Breakdown of the 5:2 Diet
Jun 18, 2014
IS THE 5:2 DIET FOR YOU?
by Dr. Janet Brill
Wouldn’t it be nice if there was an easy and “fast” way you could lose weight? That’s the appeal of the latest “fasting” diet strategy depicted in the wildly popular two-day-a-week fasting concept, and offered in the book The Fast Diet by Michael Mosley, MD, and Mimi Spencer.
Is this radical diet something you should try? Here are some thoughts on this controversial diet strategy, also known as the “5:2 Diet.”
1. What is The Fast Diet plan?
This plan consists of eating regular meals five days a week, then semi-fasting (500 calories for women and 600 for men) on the other two (non-consecutive) days. For Mosley, this approach has not only helped him lose weight but has also improved his health in the process.
2. Fasting Diet Plan Reduces Calorie Intake
This concept of ultra-low-calorie eating days combined with ‘eat anything and everything days’ may be a strategy that could work for some people, especially those who do not want to change their current eating habits or feel deprived of foods they love. However, this type of dieting is no magic bullet. It clearly helps people to eat less calories in a faster and supposedly less painful manner than traditional dieting.
While the 5:2 concept may seem appealing, the drastic low-calorie starvation days are no “picnic.” The ultra-low-calorie intake may make you irritable and fatigued as well as completely deprived not only of your favorite foods but of any food!
3. Nutritional Concerns with The Fast Diet
Nutrition is a concern if you do not eat wisely on the "regular" days. This means that even on those five days you should still be paying attention to your food intake to make sure that you are making balanced and healthy choices. The typical American diet -— high in processed foods, bad fats and sodium and low in nutrients -- can still promote disease, even if combined with weight loss.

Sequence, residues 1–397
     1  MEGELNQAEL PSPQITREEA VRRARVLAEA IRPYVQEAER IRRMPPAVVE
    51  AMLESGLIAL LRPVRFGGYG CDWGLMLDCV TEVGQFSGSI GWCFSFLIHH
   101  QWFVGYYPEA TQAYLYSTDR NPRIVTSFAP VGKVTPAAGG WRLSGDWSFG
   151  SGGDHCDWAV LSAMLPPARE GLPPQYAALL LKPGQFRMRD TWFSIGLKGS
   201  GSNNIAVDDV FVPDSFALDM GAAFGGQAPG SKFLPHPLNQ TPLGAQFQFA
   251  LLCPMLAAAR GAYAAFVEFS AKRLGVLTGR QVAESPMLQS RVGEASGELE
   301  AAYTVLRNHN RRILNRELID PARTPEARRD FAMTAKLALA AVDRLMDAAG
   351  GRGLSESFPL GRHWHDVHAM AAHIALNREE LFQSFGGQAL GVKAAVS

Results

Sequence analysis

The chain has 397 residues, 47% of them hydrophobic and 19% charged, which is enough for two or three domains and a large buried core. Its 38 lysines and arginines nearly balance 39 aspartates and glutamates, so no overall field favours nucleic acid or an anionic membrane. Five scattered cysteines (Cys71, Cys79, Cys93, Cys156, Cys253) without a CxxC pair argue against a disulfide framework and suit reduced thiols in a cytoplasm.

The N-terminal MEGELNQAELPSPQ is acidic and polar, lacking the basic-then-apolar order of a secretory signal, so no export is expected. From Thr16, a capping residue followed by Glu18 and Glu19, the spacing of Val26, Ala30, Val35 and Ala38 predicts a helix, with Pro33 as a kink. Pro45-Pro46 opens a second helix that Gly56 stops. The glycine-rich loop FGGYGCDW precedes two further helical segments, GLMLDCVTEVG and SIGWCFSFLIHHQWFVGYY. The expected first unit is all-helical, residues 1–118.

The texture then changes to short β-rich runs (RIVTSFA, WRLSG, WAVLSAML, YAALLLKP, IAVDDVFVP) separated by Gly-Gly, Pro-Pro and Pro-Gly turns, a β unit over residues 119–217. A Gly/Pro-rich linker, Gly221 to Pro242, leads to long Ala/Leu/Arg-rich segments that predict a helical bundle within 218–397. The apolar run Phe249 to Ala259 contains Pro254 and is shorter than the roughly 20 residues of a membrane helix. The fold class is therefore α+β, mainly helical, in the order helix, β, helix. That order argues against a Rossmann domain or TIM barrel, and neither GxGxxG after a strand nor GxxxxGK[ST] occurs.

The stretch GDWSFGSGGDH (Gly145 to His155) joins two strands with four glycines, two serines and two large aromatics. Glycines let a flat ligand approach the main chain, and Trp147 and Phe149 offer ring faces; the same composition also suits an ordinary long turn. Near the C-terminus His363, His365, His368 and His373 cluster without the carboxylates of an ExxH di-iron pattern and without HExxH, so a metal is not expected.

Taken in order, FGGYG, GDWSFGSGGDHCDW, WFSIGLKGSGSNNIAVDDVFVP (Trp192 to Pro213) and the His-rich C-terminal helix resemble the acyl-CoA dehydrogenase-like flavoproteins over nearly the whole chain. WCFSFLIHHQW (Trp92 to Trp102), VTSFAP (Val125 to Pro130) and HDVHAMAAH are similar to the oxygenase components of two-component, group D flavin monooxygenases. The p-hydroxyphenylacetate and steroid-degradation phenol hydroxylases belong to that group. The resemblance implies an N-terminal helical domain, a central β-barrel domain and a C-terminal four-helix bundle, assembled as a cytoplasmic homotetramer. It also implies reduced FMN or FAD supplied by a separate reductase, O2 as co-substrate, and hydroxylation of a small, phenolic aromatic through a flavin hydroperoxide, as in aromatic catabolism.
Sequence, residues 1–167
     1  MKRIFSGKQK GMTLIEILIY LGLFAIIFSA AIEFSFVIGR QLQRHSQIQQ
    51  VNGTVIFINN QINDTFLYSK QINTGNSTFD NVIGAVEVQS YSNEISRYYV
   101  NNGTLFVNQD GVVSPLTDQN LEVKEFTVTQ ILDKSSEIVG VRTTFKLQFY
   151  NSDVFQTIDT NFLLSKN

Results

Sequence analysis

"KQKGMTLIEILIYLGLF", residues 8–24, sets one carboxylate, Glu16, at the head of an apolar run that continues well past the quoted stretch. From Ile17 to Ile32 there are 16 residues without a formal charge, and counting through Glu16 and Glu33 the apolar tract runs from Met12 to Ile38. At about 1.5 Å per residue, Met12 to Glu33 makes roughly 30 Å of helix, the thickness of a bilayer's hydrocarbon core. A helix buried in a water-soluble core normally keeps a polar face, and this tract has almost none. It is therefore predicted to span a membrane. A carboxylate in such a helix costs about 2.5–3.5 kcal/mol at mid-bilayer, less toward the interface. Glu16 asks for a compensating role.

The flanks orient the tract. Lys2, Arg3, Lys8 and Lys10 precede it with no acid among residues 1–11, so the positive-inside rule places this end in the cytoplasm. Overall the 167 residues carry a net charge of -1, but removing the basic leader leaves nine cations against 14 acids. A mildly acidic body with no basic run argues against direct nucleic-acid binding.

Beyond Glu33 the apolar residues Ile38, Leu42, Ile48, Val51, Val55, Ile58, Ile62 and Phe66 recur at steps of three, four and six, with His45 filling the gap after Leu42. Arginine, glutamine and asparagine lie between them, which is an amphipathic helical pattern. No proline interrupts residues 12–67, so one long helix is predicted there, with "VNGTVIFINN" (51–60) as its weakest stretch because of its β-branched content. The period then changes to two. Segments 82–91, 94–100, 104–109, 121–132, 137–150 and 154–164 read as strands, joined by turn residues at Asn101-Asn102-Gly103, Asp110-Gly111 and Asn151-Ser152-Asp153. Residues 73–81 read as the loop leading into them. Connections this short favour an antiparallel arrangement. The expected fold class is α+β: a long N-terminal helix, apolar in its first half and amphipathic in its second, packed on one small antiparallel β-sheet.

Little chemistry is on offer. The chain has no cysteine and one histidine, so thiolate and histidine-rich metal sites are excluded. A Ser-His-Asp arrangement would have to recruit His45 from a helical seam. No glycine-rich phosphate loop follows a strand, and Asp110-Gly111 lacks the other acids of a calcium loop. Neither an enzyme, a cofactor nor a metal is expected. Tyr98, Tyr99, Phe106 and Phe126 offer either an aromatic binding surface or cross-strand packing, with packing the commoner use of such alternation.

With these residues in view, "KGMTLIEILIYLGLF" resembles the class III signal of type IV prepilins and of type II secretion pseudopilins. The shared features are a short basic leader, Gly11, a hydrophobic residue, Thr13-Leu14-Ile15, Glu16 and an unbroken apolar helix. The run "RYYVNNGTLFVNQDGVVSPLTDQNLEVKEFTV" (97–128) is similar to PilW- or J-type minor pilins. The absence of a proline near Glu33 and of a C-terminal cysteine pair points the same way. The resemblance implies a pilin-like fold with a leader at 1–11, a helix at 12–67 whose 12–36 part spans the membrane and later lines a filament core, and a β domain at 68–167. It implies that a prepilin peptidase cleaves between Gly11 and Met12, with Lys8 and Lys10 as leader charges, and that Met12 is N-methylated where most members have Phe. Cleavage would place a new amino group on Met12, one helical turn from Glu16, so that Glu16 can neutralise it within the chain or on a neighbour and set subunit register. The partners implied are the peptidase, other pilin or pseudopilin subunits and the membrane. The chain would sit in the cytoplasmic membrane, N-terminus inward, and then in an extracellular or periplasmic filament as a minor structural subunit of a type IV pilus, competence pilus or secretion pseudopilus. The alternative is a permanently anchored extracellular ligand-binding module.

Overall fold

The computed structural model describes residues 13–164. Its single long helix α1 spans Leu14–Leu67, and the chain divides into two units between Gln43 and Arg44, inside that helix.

4. Type of Weight Loss with the Fasting Diet
You’ll also need to keep in mind that not all weight loss is created equally. The fact is that to lose weight, one needs to eat fewer calories and burn more through exercise. In an ideal world, you would want to create a long-term calorie deficit through a combination of mild calorie restriction and daily exercise in order to lose body fat and not muscle mass. However, with two days of fasting the severe calorie restriction will probably lead to loss of both body fat and lean body mass. This alters metabolic rate over the long term, making it harder to maintain your new, lower body weight.
5. A More Moderate Option
For long-term weight loss, the turtle beats the rabbit. Taking a more moderate, slow and steady approach to weight loss has consistently proven to be the best long-term solution.
The best diet for losing weight, keeping it off and improving health is a plant-based, nutrient-dense, lower-calorie diet combined with an active lifestyle. But for people who want to try something more radical, following Mosley’s fasting diet plan is preferable to remaining overweight and experiencing the related health conditions such as an increased risk of heart disease, certain types of cancers, diabetes and high blood pressure.
A Fitness Together trainer can help you to set and attain small, doable, health and fitness goals which include finding a nutritious diet plan that works for you. He or she will also develop an exercise program designed to meet your specific needs. You’ll receive nutritional counseling through the Nutrition Together program, which will complement your workouts.